• Test your makeup on a small patch of skin before applying it all over.
  • Don’t apply it too close to your eyes or on your eyelids unless it is intended for that use.
  • Bring a makeup cloth or towel with you in case your makeup gets in your eyes or starts to run.
  • Don’t share makeup or brushes that have already been used.
  • Remove your face(paint) before going to bed.

Steer Clear of Swords & Sabres

nJoy Vision Spooky Season Eye Safety blog post story image of a man holding a lightsaber

If there’s one thing that wizard, fairy, and superhero costumes have in common, it’s their use of pointy props. While these wands, broomsticks, and swords may not contain magical powers, they are fully capable of poking out an eye if you aren’t careful. 

Whether that lightsaber belongs to you or your kiddo, here are some common-sense tips that’ll help ensure your props aren’t used with evil intentions:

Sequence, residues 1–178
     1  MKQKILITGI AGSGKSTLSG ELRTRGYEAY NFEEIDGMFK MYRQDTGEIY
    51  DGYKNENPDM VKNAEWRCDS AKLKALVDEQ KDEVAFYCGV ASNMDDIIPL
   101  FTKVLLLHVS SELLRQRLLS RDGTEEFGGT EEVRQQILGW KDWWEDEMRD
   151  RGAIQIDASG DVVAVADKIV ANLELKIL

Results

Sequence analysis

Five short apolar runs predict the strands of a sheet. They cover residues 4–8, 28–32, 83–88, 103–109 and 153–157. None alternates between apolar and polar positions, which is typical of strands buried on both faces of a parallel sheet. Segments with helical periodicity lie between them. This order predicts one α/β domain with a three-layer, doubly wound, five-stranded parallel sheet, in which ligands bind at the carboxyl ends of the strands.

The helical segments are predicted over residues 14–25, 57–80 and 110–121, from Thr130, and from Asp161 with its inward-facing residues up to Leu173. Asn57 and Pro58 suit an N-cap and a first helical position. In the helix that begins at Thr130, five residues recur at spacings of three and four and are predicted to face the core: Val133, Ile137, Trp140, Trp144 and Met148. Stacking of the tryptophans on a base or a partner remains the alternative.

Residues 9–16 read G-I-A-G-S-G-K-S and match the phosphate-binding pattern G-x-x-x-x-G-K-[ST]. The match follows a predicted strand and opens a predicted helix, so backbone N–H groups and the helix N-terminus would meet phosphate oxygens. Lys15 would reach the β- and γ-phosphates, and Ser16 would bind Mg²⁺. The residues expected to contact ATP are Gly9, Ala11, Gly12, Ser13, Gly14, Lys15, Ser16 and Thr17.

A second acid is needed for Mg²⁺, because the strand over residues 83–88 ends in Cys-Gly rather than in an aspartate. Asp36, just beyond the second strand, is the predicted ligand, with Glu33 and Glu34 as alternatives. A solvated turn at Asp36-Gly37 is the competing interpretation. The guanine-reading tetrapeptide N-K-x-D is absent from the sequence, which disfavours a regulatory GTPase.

• Never run with a sharp or pointed object.
  • Before wielding your sword, casting a spell, or hopping on your broom, make sure no one is close enough to get hit or poked by your prop.
  • Always be on the lookout for others who may not be looking out for you.

The Dark Is Full of Dangers

nJoy Vision Spooky Season Eye Safety blog post story image of a dark night and full orange moon.

Ghosts and goblins aren’t the only things that go bump in the night. More often than not, those thuds, bangs, and Oooohhhhs are just trick-or-treaters and fellow revelers tripping over decorative tombstones or running into each other’s ninja swords.

Unfortunately, eye injuries are more common on Halloween than actual ghost sightings. Carrying a flashlight and wearing reflective materials might take away from the eeriness of the holiday, but it’s your best line of defense from inadvertent eye gouges.

Jeeper Creepers, Take Care of Your Peepers

Halloween-related eye injuries can be scarier than an all-night horror movie marathon. But the good news is, with just a little bit of carefulness and awareness, the only eyes you need to worry about this spooky season are the ones RIGHT BEHIND YOU!